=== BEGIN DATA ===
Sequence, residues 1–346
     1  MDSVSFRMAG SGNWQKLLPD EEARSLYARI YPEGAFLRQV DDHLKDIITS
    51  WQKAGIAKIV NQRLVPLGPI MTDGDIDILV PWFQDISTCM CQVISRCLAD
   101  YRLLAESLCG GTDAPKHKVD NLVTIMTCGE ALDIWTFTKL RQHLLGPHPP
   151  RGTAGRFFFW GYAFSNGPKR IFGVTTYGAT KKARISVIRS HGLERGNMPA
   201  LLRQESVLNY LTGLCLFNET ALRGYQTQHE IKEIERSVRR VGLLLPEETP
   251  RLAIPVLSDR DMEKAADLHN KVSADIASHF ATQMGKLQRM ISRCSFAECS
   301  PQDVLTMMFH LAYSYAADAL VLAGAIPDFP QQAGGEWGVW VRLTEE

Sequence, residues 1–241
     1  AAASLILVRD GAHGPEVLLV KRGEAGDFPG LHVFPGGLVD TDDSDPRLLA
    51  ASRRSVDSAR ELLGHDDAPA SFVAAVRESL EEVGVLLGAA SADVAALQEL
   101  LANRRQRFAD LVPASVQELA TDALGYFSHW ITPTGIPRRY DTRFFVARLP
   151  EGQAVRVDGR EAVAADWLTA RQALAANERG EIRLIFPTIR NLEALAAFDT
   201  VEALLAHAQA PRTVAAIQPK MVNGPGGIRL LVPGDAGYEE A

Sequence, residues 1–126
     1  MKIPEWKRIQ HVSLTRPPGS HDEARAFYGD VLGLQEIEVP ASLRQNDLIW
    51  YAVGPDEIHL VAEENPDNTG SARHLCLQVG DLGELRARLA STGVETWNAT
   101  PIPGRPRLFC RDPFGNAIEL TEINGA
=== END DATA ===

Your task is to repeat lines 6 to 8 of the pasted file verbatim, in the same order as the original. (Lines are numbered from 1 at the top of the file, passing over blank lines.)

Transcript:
   201  LLRQESVLNY LTGLCLFNET ALRGYQTQHE IKEIERSVRR VGLLLPEETP
   251  RLAIPVLSDR DMEKAADLHN KVSADIASHF ATQMGKLQRM ISRCSFAECS
   301  PQDVLTMMFH LAYSYAADAL VLAGAIPDFP QQAGGEWGVW VRLTEE